America — and the Northwest — faces a serious problem with the loss of farmers and farmable land, said Mary Embleton, director of Cascade Harvest Coalition. Her organization is dedicated to reinvigorating the local food system.

Many of the people who work locally in agriculture are nearing retirement. Even if a young person has the knowledge and desire to enter the business, they don’t usually have the money to buy land or expensive equipment, she said.

“It’s a daunting problem,” she said. “Most of the agriculture land is going to change hands in the next few years. If we want to maintain the benefits of local agriculture, we need to make sure people are getting on the land and working it.”

Most young people entering agriculture don’t have the long financial track record necessary to get a loan. The program helps new farmers establish a savings track record that will help them qualify later for traditional lending. 

“It’s just a start,” she said. “It’s not the silver bullet but it’s one more tool in the tool kit.”

This program is geared toward people who are certain they want to make a serious go of farming or ranching, Embleton said. It’s not for folks who are still giving it a try. To qualify, participants must be part of a farm business training program, incubator or internship which includes a minimum level of financial literacy and business development training.

The start- up money for this program is paid for with an $18,000 federal grant. The grant money that goes to farmers comes from donations. The director of Slow Money said they are targeting businesses and organizations with a vested interest in farming. 

For more information, go to www.slowmoneynw.org.

Also, Annie got her picture in the Whidbey Examiner:

JUSTIN BURNETT PHOTOAnnie Jesperson of Deep Harvest Farm in Greenbank sells produce to Coupeville resident Ingrid Sechrist at the last day of 3 Sisters Cattle Company’s fall farmers market.

Annie Jesperson of Deep Harvest Farm in Greenbank sells produce to Coupeville resident Ingrid Sechrist at the last day of 3 Sisters Cattle Company’s fall farmers market.

Our Seed Work at Greenbank



Amid the work training farmers for a life in agriculture is a project that could be a boon to organic farmers on Whidbey Island.

The Greenbank Farm is home to an Agriculture Training Center that teaches farmers how to establish and operate a successful farm.

As part of their studies, several students and teachers are developing varieties of organic seeds catered to thrive on Whidbey Island.

Sebastian Aguilar, training director, said there is a huge need for organic seeds in many varieties and in large quantities.

“In the organic farming, seeds are one of the last frontiers in the industry,” Aguilar said. Often organic farmers are left to use conventional seeds when organic counterparts aren’t available in the marketplace.

Those varieties may not be as resistant to pests or the conditions of an organic farm.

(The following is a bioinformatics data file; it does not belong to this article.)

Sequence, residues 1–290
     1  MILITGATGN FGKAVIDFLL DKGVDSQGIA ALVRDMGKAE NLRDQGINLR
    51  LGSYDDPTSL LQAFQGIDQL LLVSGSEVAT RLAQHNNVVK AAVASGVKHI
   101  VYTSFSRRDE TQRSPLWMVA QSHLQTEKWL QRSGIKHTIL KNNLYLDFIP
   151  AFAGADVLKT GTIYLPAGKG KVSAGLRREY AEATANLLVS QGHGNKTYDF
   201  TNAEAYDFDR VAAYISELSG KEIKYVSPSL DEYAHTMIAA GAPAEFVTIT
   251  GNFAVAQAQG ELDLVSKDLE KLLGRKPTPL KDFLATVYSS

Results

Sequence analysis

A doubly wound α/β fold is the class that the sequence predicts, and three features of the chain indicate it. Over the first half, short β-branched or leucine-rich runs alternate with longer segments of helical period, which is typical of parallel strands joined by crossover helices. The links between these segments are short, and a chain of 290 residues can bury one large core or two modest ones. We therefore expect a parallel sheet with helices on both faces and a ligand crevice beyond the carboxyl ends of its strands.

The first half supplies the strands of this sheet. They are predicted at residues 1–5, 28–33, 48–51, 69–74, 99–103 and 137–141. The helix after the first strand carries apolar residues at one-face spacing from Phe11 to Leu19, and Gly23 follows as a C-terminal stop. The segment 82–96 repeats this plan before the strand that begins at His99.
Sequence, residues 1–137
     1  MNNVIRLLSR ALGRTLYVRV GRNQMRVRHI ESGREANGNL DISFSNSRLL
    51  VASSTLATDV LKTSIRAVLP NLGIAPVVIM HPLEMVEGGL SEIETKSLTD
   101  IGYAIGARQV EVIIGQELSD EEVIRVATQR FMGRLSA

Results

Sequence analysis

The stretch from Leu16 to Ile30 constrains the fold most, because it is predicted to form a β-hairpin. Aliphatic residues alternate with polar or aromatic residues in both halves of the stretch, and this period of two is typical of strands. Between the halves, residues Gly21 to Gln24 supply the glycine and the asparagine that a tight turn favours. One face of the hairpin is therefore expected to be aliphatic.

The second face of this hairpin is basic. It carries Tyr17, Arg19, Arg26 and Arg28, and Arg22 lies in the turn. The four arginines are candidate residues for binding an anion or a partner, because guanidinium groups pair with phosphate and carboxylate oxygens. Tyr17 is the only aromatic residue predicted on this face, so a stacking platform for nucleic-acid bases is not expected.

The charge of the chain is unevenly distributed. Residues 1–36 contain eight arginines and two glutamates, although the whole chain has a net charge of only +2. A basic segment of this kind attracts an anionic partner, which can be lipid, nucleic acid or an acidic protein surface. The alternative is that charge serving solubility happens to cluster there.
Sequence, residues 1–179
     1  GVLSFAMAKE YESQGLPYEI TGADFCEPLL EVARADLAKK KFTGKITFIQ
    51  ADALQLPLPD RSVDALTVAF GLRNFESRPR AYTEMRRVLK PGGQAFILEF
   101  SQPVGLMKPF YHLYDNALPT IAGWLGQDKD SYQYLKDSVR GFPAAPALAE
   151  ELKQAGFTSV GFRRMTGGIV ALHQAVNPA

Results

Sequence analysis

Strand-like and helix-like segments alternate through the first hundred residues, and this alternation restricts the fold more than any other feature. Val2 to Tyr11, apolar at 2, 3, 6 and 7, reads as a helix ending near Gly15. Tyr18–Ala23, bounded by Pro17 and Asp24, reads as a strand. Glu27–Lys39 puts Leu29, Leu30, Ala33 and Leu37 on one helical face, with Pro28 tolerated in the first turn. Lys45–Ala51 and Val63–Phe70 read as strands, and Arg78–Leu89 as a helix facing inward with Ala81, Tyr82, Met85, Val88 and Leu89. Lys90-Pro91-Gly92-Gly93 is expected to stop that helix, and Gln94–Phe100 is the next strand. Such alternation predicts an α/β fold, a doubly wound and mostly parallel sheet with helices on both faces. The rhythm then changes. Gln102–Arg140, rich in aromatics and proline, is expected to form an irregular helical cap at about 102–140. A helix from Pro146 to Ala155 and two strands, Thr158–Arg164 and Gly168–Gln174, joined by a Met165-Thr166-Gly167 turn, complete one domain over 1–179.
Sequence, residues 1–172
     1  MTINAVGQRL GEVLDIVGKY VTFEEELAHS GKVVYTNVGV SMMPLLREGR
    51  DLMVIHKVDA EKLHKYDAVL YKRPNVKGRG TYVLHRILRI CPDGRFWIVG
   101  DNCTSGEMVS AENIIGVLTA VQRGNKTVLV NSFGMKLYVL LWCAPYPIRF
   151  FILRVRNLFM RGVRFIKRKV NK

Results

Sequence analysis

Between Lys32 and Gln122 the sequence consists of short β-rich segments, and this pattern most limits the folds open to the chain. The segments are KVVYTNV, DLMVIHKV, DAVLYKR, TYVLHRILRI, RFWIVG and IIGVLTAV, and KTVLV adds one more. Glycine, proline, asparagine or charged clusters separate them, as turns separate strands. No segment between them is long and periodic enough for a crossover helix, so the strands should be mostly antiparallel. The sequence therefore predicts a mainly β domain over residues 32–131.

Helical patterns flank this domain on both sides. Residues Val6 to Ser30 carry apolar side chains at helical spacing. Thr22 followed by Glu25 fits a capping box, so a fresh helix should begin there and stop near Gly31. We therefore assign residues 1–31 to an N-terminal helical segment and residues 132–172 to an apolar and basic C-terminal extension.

Students are now going through a project that will take years to complete, examining varieties of produce that work on Whidbey and under organic farming conditions. Trainees during the growing season planted varieties of zucchini, cucumbers and other vegetables.

Aguilar highlighted the efforts of Nathanial Talbot in getting the seed program off the ground.

Talbot, a Portland native who was a student at the training center last year and is a current assistant, had become interested in organic seed production as he learned about farming. He hopes to someday lease a farm on Whidbey Island.

He outlined the work necessary to gather the seeds from the crops. The seeds are threshed carefully from the plant to make sure they don’t shatter.He then removes any additional non-seed material before it is stored in a dark, dry, cool place. Aguilar said a dehumidifier is brought in to help combat the damp conditions that are common at the Greenbank Farm.

The Greenbank Farm Agriculture Training Center is rounding up financial support to continue the research, with a $15,000 grant from Sustainable Path in Seattle.

That award will fund workshops that will teach area farmers about such topics as plant breeding for organic seeds and seed saving. Aguilar also mentioned that the center is being considered for a United States Department of Agriculture grant administrated through the state. If awarded, the grant will provide $150,000 in funding.

The grant will help the center develop a regional seed system that will develop a network of “seedspeople” who will share knowledge and experiences, according to information provided by the training center.

The center hopes to share information with the Whidbey Island community.

In addition to the workshops, Aguilar said the data collected will be posted on the center’s website, greenbankfarm.biz.

Next year he hopes to continue the research on a larger scale. Students will also continue talking with local farmers about their needs.

“We’re interesting in finding other growers on the island interested in seed production,” Aguilar said.